LOTT Alliance uses Video Surveillance Manager to monitor video captured throughout the plant.
LOTT Alliance is a regional wastewater treatment utility serving the Washington cities of Lacey, Olympia, and Tumwater. The Budd Inlet Treatment plant, a 14-acre facility, processes wastewater from more than 80,000 residences and businesses.
Physical security is an important concern for all public utilities, and LOTT Alliance wanted to increase the safety of employees and security of facility and assets. "New operational efficiencies allowed us to reduce the number of employees working the night shift from three to one," says Dennis O'Connell, project manager, LOTT Alliance. "We wanted that employee to feel safe."
LOTT Alliance also wanted day-shift employees to be able to see activities throughout the facility without repeatedly walking back and forth. For example, on a typical day, 12 to 36 trucks dump septic waste, and LOTT uses a proximity reader to collect the hauler's identification and the number of gallons dumped. "Haulers sometimes contest the billing, mistakenly believing they did not dump on a given day," says O'Connell. "We wanted to be able to present video proof, to protect our revenue." Revenue from the septic dump stations funds the wastewater pretreatment program.
Aronson Security Group, a Cisco partner, recommended and implemented the Cisco® Video Surveillance Manager solution. "The Cisco solution is very cost-effective for a single site," says Tim Winston, vice president of converged security services, Aronson Security Group. "We offer other video surveillance systems, as well, but LOTT would have had to pay extra for enterprise capabilities that Cisco provides as standard." In addition, LOTT already had a Cisco network, so implementing a Cisco Video Surveillance solution would simplify vendor management.
LOTT Alliance now uses nine IP video surveillance cameras, some with pan, tilt, and zoom (PTZ) controls, to monitor the fence line, entrance gate, and facility interior. The Cisco Video Surveillance Operation Manager system resides in the control room. Two 24-inch monitors display footage. "We usually display multiple views at once, but if we want to see something more closely, we can select that feed to enlarge the image area," says O'Connell. To redirect the PTZ cameras to a different predefined view, operators just click a link.
Employees can also monitor real-time and archived video on any of the 30 PCs in the facility. They can watch from home, as well, which is an important capability for emergency response.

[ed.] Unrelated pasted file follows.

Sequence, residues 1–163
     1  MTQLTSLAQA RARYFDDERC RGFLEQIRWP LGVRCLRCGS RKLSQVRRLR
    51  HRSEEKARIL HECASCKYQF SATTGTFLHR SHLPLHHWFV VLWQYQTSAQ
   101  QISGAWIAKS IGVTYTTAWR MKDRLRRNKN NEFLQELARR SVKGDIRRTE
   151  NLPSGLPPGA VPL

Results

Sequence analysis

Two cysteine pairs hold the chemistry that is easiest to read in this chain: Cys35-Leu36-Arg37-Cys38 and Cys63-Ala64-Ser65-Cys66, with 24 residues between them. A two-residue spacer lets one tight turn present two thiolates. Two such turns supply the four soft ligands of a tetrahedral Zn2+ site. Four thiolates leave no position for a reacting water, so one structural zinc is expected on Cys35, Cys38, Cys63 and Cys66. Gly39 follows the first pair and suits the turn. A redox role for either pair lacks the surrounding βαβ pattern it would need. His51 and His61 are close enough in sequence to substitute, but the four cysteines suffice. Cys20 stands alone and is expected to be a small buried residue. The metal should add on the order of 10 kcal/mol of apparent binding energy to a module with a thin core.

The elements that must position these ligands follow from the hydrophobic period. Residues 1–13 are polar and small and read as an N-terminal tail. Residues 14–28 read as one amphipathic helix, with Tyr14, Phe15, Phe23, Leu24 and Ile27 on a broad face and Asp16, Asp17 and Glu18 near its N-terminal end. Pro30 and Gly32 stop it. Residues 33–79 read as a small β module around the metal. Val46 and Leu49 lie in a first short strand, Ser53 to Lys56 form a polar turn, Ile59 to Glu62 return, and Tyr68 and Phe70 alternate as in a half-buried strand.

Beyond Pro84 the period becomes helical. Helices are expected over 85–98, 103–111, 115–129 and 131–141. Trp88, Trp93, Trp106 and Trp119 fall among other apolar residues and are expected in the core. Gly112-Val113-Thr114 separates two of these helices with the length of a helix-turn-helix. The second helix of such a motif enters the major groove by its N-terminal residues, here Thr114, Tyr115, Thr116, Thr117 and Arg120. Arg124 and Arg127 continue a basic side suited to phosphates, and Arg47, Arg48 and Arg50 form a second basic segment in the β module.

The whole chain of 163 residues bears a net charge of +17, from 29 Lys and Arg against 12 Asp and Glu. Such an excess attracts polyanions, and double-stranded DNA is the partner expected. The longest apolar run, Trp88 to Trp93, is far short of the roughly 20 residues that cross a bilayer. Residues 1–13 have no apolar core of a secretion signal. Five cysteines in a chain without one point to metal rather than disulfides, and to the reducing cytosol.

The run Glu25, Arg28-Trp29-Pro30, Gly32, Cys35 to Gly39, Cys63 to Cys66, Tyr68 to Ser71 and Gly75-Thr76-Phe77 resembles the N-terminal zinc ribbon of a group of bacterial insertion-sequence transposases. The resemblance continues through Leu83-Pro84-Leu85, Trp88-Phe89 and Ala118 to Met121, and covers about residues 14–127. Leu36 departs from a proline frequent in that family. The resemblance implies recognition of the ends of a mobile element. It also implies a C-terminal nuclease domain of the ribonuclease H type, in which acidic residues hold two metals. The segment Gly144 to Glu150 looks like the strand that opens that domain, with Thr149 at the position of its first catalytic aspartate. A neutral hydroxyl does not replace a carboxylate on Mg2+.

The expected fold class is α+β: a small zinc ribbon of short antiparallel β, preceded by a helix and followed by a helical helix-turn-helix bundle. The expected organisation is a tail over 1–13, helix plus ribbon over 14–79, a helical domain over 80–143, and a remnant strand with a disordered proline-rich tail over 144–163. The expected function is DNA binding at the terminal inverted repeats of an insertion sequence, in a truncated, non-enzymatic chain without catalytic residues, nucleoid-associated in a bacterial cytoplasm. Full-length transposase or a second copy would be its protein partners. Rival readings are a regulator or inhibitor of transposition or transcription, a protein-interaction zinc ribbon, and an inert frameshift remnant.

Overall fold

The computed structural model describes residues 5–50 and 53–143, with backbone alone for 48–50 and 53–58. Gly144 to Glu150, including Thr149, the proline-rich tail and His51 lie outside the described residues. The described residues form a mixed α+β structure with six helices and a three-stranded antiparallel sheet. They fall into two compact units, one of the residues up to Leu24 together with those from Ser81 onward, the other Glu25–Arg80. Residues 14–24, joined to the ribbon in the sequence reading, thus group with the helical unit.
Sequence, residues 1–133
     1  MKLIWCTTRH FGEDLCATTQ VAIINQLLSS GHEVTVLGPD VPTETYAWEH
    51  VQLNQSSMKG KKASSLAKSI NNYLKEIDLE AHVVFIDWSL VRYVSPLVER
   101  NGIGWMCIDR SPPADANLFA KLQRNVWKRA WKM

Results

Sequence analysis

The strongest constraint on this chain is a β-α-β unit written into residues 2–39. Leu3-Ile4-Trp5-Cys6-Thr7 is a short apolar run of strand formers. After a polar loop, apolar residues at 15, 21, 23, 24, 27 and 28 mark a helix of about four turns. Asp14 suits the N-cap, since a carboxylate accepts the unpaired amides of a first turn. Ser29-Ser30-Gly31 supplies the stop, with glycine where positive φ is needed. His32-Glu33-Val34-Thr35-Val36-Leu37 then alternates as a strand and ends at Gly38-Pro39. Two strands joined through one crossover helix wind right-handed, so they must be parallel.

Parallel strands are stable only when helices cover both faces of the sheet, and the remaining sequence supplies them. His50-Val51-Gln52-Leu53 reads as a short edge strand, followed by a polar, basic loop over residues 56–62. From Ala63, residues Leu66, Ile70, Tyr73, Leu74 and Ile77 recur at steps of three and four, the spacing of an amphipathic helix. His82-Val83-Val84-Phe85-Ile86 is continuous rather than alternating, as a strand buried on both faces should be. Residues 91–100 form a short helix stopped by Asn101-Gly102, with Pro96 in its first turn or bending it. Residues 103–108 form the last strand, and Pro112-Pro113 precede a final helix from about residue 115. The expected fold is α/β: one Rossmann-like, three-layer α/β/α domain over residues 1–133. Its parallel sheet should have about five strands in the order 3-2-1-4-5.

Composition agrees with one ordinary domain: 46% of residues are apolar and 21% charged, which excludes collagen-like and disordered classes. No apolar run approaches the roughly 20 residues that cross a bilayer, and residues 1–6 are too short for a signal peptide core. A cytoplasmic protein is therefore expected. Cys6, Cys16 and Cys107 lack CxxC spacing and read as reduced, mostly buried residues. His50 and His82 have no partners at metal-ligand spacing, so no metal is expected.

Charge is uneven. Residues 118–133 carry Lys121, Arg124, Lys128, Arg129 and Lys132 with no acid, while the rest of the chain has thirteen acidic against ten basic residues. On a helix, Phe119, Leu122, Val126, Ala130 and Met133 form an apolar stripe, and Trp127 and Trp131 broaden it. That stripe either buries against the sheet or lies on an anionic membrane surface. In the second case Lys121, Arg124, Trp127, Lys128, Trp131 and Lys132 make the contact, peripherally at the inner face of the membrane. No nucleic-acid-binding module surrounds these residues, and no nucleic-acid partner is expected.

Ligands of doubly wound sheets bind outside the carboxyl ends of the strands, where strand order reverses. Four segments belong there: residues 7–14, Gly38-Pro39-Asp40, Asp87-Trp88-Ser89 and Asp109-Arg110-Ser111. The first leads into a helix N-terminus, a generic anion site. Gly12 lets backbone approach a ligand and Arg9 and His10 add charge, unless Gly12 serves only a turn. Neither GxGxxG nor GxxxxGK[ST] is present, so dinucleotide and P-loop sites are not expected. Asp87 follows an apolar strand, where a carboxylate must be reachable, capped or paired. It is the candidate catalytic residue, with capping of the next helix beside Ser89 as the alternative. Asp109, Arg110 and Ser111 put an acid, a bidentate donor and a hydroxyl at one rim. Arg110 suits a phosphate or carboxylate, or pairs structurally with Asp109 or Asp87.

Staff quickly learned to view live and archived video from different cameras and to control PTZ cameras. "The interface is very intuitive," O'Connell says. Personnel from every division (operations, maintenance, administration, and communications) regularly use Cisco Video Surveillance Manager. "Employees continually come up with creative ideas on how to use the video surveillance system to save time," says O'Connell. Examples include:
• Avoiding trips to the entrance gate to verify visitors' identities: The plant receives an average of 20 visitors a day, including contractors, construction personnel, vendors, and deliveries. Previously, an operator who heard the buzzer had to walk to the gate to confirm the visitor's identity before allowing entrance. Now operators can see the visitor's video image on their desktop, saving the time that they used to spend walking to the gate.
• Monitoring vendor progress: O'Connell uses Cisco Video Surveillance Manager to monitor vendors' progress on projects such as equipment repair. "I recently used one of our PTZ cameras to monitor a small construction project without leaving my office," he says. "Cisco Video Surveillance Manager gives me more oversight while still allowing me to be in my office if other employees need to reach me."
• Resolving disputes: During a construction project, vendors gave differing accounts of who made an error that needed to be rectified. "We were able to identify the responsible party by reviewing archived video," says O'Connell. "This led to faster resolution."
• Loading trucks properly: Each day, employees load 35 tons of biosolids into trucks, a process that can take ten hours. In the past, an employee had to periodically walk over to the truck to make sure that the load was evenly distributed over the axles. Improper loading took a long time to correct. Now, employees can just direct the PTZ video surveillance camera over the truck. They can check more frequently even while spending less time on this activity.
• Supporting public relations: The LOTT Wastewater communications staff captures images from archived video for its website and public relations materials.
Increased Safety and Security
"Employees on the night shift can more quickly become aware of intruders and call for assistance if necessary," says O'Connell. "We've had very positive feedback from employees, who now feel safer."
If a hauler disputes a dumping charge, LOTT can now produce video evidence. The video surveillance cameras in the dumping area are conspicuous, which helps to deter false disputes.
Simplified Contractor Management
O'Connell regularly visits construction sites to monitor progress. Now he can make sure that he visits when particular vendors are present. "I can see when a soil and water analysis expert or excavator has arrived and then go out to the project site, rather than walking out several times to see if they have arrived," O'Connell says.
LOTT Alliance plans to implement the same solution for four off-site facilities that are not manned 24 hours a day. The Cisco Video Surveillance solution will help to deter vandalism and overnight camping. It will also enhance safety for employees and security for the facilities. "When employees at the main site receive an alert from our alarm system at an off-site facility, they will be able to view the video, to initiate the appropriate response," says O'Connell.